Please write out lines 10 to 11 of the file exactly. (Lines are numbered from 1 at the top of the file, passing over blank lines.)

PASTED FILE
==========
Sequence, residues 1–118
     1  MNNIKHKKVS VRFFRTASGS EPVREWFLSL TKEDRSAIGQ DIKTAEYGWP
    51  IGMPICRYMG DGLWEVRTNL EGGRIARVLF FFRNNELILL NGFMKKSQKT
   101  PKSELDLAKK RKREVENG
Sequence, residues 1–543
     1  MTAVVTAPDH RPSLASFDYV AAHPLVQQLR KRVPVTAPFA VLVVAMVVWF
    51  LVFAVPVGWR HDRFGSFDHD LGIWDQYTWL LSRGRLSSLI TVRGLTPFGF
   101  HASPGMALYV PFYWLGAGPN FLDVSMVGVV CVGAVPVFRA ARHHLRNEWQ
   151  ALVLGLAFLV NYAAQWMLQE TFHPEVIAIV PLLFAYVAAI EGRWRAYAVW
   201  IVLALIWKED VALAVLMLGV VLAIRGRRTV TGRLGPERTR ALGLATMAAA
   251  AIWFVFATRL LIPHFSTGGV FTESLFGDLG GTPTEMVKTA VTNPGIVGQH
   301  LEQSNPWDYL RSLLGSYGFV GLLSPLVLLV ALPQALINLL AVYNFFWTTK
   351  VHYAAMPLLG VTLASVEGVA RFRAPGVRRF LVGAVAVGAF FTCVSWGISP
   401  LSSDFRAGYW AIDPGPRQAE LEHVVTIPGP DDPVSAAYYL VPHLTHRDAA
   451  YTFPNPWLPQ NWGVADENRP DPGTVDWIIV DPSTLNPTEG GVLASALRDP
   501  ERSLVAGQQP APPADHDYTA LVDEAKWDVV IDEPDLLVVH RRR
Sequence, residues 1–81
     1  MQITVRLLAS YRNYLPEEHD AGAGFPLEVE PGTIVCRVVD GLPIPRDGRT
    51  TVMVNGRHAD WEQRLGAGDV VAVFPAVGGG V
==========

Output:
   201  IVLALIWKED VALAVLMLGV VLAIRGRRTV TGRLGPERTR ALGLATMAAA
   251  AIWFVFATRL LIPHFSTGGV FTESLFGDLG GTPTEMVKTA VTNPGIVGQH